Sometimes a Swiss Army Knife can make you the most popular guy in your hotel corridor! Some of the students have discovered that when you are in italy, and close to France, wine is much cheaper than beer. What do you do if you are not a wine drinker? Choose an inexpensive wine at random from a store and bring it back to the hotel. Step 2, after realizing that wine bottles have these things called corks, and corks require a special tool to remove them from your bottle, you wander around the corridor wondering how you are going to find a cork screw. This is where I came in.
"Do you know where we can find a corkscrew?" I was asked. Being a leader makes me the font of all knowledge of course, so I must know. "Well..." I said, "I have a corkscrew on my swiss army knife." "Great! can you open this for me?" Why not, I thought... Somehow the idea of me opening a bottle of wine for a student wasn't anywhere on my list of duties as a faculty member, and I'm not sure its one that the administration would want to cultivate, but here we are in Italy, I might as well be helpful. So, I cut the foil and pop one cork. Its as if the sound of that cork sliding out of the bottle was like some kind of whistle. The next thing I know I'm surrounded by students holding bottles of wine. One or two of them decided it would be a great idea to take a picture of me opening wine bottles. I think the picture below really captures the moment. You can see Craig laughing in the background as if to say, "ha ha, there goes Brad's career."
Thus began our first night in Torino. It was another long train trip from Lausanne to Torino, made a bit more exciting by the fact that just after we crossed the border into Italy the train got behind schedule. What had been a 40 minute layover in Milano Centrale turned into a 10 minute dash from one train to the next.
Once we got to Torino, we had lunch, our first at McDonalds since the trip began, because we knew we were too early to check into our hotel. I had a McBacon and fries. It tasted quite good. The Hotel Artua Solferino is a nice old European hotel. Each room is very different. My room is up the stairs at the end of the hall, and has the smallest bathroom in Italy. Right over my shower is a skylight that leaks cold air like crazy. This morning as I tried to take a shower, I could not get hot water and so the combination of the cool breeze and the luke warm shower water (with approximately zero pressure) was pretty pathetic.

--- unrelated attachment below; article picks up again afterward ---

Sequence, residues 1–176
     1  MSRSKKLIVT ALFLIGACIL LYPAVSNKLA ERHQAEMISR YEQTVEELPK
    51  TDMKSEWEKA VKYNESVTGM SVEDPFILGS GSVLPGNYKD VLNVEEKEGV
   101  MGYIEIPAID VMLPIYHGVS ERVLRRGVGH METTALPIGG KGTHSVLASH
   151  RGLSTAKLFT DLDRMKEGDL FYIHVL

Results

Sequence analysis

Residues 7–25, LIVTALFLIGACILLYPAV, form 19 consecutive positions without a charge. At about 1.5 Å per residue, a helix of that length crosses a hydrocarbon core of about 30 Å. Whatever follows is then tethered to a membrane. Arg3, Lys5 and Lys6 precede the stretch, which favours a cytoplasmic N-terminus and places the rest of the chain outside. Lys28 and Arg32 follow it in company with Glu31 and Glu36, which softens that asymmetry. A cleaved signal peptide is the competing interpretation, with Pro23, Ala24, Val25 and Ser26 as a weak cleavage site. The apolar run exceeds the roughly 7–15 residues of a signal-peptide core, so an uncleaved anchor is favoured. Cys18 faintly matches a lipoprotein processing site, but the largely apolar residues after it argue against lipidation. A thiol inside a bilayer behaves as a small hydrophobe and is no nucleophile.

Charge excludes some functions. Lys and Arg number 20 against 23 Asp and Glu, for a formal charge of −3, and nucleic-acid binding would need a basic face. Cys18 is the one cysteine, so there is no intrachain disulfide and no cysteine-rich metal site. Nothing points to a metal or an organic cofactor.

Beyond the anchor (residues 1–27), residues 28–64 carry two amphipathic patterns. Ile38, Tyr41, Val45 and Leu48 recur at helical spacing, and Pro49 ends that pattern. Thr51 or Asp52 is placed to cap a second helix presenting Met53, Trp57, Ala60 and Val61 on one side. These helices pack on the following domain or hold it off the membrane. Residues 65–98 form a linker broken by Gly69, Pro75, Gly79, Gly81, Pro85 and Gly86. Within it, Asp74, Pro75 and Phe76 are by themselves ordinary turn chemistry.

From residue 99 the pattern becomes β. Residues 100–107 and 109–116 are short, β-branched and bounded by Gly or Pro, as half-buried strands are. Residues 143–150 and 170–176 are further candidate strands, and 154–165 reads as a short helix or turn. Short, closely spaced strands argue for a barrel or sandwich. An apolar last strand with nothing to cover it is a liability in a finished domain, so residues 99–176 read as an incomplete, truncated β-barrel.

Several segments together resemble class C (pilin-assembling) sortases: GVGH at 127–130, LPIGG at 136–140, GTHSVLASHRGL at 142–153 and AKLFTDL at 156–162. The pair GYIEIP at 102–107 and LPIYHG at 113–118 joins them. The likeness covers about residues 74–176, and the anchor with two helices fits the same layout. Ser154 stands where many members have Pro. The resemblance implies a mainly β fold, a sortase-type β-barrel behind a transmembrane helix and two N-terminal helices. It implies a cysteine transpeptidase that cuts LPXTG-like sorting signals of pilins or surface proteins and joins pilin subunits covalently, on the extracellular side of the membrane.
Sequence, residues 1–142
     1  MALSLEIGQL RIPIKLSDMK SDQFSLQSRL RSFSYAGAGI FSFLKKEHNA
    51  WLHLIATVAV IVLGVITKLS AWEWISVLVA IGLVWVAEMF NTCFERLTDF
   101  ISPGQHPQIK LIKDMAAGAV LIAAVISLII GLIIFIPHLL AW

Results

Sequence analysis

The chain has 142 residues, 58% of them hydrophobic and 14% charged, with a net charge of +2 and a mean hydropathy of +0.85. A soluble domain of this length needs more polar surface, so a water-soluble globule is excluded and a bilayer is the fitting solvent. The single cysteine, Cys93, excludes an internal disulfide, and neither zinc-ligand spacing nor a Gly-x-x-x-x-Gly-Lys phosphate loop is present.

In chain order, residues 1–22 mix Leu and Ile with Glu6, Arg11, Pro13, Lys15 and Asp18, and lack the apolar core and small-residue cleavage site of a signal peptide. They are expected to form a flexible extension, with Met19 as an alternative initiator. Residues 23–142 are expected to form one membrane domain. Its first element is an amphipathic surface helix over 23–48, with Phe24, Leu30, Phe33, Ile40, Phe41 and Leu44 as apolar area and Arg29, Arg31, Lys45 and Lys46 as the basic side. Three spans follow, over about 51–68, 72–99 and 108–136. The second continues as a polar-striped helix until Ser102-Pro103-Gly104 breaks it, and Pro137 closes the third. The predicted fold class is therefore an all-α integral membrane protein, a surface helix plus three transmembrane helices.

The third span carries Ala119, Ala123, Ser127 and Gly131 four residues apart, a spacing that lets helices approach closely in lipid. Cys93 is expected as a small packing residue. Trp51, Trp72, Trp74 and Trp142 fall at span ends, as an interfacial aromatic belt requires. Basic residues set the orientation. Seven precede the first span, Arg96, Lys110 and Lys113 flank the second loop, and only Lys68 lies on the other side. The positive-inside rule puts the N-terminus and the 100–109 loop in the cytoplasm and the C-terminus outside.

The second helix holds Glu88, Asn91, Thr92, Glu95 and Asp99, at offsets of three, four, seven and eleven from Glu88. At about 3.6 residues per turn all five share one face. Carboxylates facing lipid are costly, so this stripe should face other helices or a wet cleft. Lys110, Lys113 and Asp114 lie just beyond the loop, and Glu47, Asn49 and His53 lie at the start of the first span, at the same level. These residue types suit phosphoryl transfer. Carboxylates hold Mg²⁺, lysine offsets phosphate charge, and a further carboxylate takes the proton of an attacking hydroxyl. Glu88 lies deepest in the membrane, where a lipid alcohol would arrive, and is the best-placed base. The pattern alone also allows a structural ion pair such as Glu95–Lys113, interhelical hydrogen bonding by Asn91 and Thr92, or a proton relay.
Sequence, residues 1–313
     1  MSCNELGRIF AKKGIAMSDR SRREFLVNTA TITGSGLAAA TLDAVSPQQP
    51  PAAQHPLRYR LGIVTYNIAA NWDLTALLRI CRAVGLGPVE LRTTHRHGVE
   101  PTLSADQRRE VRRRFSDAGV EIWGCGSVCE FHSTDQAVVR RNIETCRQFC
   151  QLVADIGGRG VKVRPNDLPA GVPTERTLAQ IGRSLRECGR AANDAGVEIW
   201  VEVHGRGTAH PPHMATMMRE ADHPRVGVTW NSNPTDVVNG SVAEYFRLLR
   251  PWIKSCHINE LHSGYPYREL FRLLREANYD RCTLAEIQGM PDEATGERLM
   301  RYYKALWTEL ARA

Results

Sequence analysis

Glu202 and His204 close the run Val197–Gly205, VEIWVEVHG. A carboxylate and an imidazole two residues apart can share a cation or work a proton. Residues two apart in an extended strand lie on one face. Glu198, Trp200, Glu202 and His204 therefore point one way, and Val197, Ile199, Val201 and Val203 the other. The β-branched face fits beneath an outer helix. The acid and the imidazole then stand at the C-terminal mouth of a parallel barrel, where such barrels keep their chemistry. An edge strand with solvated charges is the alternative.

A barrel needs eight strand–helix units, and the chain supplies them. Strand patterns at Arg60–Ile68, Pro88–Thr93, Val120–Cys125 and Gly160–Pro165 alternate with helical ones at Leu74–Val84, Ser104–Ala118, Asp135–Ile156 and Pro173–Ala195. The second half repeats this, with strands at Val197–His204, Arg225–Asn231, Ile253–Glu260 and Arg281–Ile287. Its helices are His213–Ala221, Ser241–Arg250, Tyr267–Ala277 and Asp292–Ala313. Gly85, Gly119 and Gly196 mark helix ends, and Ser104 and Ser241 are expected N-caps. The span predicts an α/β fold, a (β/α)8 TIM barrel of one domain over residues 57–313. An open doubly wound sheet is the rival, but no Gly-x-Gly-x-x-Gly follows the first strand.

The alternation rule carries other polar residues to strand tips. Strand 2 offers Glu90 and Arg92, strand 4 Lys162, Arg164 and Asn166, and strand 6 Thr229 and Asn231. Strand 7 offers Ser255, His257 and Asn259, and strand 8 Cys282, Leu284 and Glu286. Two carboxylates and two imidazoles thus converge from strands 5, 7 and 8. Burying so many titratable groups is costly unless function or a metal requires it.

After orienting the students to the area, we turned them loose to see what they could find for dinner. Craig and I waited a while and then took off for the city centro. We walked around and investigated a lot of restaurants. We looked for some that might be able to accommodate our entire group, and some that looked like they might be nice for us. We ended up finding a great little neighborhood restaurante. Not a tourist place at all, and not pretentious. They had a three course chefs menu that looked great. I had awesome risotto, a green salad, and delicious veal arrosto. The meal came with 3 dl of wine which was perfecto.
With dinner done, we made our way back to the hotel. Its amazing how tired I get each day, worrying about the 24 welfare of 24 students traveling in a foreign country where none of us really speak the language well is very tiring. This seems to be especially true here in Torino. Although we have heard that the city has made great strides in welcoming tourists, we find that there are not all that many people that really speak English. Despite that , it is a good beginning to Torino.
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